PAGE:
ExAmplES playinG cells over three octaves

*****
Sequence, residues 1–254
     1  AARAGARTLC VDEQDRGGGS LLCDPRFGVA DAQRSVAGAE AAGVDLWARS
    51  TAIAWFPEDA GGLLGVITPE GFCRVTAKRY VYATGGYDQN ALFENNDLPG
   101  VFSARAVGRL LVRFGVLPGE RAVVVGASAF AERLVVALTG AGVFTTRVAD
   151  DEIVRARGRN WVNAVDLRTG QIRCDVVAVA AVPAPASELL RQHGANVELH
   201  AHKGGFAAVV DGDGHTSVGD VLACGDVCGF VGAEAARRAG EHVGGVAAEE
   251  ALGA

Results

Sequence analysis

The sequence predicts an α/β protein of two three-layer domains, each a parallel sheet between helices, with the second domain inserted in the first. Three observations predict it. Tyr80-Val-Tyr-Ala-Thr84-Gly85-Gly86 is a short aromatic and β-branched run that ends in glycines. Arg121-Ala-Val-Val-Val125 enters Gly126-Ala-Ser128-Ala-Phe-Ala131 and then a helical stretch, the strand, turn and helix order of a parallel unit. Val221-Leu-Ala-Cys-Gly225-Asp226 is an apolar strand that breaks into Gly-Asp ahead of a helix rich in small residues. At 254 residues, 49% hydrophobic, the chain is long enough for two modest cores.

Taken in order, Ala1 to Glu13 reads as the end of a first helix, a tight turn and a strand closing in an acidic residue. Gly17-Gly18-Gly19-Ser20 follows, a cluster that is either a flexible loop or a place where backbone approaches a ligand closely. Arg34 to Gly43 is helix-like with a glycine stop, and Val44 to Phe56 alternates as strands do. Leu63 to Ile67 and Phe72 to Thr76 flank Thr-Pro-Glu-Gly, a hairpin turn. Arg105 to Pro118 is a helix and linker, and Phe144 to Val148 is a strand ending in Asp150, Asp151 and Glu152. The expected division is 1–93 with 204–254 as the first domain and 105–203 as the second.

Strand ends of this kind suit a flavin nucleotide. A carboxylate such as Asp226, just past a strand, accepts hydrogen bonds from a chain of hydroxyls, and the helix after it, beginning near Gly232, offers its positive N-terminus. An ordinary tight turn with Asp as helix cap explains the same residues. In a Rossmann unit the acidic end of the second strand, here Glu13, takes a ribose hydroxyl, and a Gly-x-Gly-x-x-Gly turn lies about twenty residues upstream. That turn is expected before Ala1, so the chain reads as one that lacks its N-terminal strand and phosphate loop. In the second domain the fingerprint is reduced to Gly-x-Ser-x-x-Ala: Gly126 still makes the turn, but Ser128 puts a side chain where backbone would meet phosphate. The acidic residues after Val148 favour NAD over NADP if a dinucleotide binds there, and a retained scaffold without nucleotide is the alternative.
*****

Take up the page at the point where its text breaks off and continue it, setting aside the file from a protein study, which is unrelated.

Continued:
e x ample 9 This 16th-note triplet idea also use cells that follow a (2-2) configuration. Here, each cell contains the notes of a third inversion Cadd9 arpeggio (each with the 9th as its lowest note – D-E- G-C). example 10 Another (2-2) configuration here. This time, each cell comprises the notes of a third inversion Cmaj7 arpeggio (with the 7th as its lowest note – B-C-E-G). If you look at the fingering shown, you’ll see consecutive notes aplayed on adjacent strings using the same finger. Again, this is achieved using a barré roll movement, only here you’ll be shifting from the tip to the print part and back. The bits not boxed-out are still parts of the same cells, but this is where the melody crosses over bet ween cells. e xample 11 Another Cmaj7 here, only this time played in second inversion (with the 5th as its lowest note – G-B-C-E). This example demonstrates some of the principles shown in Ex5 and Ex10 in that, although the shape stays the same, its musical treatment is different in each octave. example 12 Here, each cell is arranged in a (4-0) configuration on each string-pair and comprises the notes of a C add9 arpeggio (C-D-E-G). This is first four notes of the C major pentatonic scale, and is also known as a major tetra chord. Because this and the following three examples all use four notes per string, they are executed using a combination of fretting and pickinghand tapping. Instead of playing the highest octave on the second string, the same notes have been shifted up onto the first string. This will present you with different musical options, as well as visually keep you within the same area of the neck as the lowest octave (in other words, in the same neck area as the notes on the sixth string).